TECH TUESDAY: How the Mercedes W10 devours slow-speed corners
The layout of the Montreal circuit, host of last weekend's Canadian Grand Prix, allowed the quite different characteristics of the Mercedes W10 and Ferrari SF90 to be very competitive with each other for once – and this was key to the superb race-long dice between Sebastian Vettel and Lewis Hamilton.
The Ferrari’s lower drag counted for more lap time around here than at conventional circuits, because of the high proportion of straights. The Merc’s greater downforce was worth less lap time than usual because of relatively few corners.
In qualifying, the Ferrari was gaining 0.6s on Mercedes down the straights and the Merc was clawing only 0.4s of that back through the corners, a very different trade-off to that seen at more conventional circuits. With both engines in race modes, around 0.2s of Ferrari’s qualifying straight-line advantage disappeared – giving them near-equal lap time capability on race day, but delivered in different ways.
A core part of the design concept of the Mercedes W10 has been to increase rear downforce, especially at low speeds, even if it has meant an increase in drag. This is a major part of why the Merc, despite its long wheelbase, is now the fastest car through slow corners, correcting a previous weakness.
Watching Vettel and Hamilton in action, it could be seen how the Ferrari needed more steering lock through the slow corners, while the Mercedes pivoted around its outer front tyre much earlier into the corner, allowing Hamilton to take off the lock almost as soon as he’d applied it. As Valtteri Bottas has conceded, ‘the car rotates very well’. The rear end can withstand a sudden lateral acceleration without developing into an oversteer slide simply because it has more downforce pressing it down.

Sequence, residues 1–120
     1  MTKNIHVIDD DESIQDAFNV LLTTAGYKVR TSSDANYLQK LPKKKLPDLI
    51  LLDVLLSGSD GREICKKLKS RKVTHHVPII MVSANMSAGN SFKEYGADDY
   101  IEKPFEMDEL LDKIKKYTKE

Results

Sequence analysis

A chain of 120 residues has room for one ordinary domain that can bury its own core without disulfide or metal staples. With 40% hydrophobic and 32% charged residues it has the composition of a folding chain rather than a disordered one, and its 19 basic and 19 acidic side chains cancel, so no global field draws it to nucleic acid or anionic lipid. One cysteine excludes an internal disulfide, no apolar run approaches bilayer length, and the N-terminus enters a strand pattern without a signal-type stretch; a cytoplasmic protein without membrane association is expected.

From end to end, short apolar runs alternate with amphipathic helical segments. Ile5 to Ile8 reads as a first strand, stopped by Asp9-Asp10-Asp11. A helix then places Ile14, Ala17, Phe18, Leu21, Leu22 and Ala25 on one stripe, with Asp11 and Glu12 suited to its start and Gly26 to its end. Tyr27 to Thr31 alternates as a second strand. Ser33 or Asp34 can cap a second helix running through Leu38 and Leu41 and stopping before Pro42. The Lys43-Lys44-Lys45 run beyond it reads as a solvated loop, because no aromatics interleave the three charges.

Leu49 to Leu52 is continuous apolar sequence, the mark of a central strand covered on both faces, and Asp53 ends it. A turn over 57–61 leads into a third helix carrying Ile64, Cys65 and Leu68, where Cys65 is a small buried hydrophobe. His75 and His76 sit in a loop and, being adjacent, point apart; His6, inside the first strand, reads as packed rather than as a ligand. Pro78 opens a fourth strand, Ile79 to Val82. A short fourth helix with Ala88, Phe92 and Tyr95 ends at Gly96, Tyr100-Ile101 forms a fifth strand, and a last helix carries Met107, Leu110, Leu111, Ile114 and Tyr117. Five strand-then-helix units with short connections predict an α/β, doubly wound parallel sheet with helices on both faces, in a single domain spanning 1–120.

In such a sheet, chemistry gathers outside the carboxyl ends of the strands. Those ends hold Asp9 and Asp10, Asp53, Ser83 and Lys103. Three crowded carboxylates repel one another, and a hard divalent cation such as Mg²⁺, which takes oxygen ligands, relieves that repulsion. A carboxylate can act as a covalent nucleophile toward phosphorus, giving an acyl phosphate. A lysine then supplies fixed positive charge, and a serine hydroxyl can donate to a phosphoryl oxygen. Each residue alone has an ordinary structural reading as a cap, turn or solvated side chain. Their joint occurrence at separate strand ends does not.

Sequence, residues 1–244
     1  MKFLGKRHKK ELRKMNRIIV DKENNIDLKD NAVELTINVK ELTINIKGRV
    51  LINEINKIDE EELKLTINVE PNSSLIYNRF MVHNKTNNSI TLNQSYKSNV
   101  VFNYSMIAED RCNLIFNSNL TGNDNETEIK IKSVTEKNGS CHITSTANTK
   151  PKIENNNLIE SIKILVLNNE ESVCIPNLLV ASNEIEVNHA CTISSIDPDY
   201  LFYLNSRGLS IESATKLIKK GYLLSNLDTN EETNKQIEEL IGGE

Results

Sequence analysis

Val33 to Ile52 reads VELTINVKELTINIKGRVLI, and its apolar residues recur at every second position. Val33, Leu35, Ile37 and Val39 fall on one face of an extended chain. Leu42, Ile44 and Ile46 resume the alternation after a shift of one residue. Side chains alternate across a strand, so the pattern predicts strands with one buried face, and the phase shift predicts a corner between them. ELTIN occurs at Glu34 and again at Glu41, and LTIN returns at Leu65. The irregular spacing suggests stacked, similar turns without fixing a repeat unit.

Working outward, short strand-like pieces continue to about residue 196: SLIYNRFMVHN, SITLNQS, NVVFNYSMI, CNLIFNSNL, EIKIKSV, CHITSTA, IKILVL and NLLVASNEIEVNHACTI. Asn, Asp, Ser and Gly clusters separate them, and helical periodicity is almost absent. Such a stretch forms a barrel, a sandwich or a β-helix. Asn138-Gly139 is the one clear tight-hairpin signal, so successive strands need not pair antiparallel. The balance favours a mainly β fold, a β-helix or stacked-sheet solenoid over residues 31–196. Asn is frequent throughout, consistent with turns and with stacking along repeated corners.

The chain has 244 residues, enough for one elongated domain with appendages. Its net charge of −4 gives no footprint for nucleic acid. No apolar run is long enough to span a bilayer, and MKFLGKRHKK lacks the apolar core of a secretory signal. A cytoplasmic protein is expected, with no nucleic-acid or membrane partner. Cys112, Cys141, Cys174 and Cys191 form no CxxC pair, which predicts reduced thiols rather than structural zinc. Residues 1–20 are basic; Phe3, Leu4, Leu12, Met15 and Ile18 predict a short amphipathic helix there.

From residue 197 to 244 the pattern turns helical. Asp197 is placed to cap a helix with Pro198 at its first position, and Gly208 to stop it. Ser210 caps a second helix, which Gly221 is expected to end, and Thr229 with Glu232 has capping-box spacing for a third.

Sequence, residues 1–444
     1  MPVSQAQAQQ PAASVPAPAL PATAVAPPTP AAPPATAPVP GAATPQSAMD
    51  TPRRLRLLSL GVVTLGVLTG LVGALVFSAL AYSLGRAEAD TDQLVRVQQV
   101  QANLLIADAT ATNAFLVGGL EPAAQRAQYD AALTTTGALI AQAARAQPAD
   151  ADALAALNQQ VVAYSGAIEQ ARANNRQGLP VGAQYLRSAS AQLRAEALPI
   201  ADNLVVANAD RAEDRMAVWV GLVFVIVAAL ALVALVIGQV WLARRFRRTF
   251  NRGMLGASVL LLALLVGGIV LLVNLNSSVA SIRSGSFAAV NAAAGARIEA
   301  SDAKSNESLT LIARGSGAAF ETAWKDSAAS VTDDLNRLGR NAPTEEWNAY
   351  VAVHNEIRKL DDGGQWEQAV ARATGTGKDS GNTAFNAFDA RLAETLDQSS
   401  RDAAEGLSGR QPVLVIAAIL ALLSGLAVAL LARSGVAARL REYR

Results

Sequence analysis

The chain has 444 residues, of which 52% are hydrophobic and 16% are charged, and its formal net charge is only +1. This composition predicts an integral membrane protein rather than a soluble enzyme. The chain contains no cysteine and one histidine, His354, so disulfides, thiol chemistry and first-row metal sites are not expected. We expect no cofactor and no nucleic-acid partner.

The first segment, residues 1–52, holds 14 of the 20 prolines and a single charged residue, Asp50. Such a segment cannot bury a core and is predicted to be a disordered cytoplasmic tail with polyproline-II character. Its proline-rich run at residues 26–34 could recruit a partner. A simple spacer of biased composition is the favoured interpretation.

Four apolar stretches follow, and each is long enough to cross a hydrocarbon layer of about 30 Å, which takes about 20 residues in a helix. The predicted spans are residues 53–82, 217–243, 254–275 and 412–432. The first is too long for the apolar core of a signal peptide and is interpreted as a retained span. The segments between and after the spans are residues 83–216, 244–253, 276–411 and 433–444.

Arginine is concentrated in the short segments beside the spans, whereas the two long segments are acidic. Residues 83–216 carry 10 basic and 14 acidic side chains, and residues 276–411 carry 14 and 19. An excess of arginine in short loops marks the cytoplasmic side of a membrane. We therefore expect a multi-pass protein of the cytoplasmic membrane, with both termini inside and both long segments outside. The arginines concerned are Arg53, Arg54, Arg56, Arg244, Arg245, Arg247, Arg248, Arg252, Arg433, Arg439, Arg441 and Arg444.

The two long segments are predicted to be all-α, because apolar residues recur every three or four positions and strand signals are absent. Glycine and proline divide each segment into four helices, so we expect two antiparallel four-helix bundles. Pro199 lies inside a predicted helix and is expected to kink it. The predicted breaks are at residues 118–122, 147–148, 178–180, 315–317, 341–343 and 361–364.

There has been a significant reconfiguration of the rear suspension in order to help facilitate the bodywork changes responsible for the greater downforce. But it’s possible these changes have brought a change in mechanical dynamics that may be contributing too.
The key difference is that the front and rear legs forming the lower wishbone have been separated out to connect with the wheel upright at two separate points. The track rod (used to control the wheel’s tracking) remains conjoined to the rear leg, but the track rod/rear leg are no longer part of a single unit with the front leg – hence it should really lose its previous name of the ‘Z-bone’ (a name given to reflect the Z shape formed by the previous track rod/rear leg/front leg construction).
In the drawing above is last year’s W09 rear suspension.
In the drawing below, we see the current W10’s rear suspension, as seen from below the car, with 1. showing the front of the lower suspension leg, 2. the front of the upper suspension leg, 3. the pushrod which connects the the inboard springs/dampers to the wheel upright, 4. the driveshaft that runs through a hole within the lower leg and 5. the rear of the lower suspension leg.
Although we cannot see in this drawing, the separate points at which the lower suspension legs are joined to the wheel upright give an idea of how aerodynamically enhanced the suspension parts themselves are and this too plays a crucial part in creating that vital rear downforce.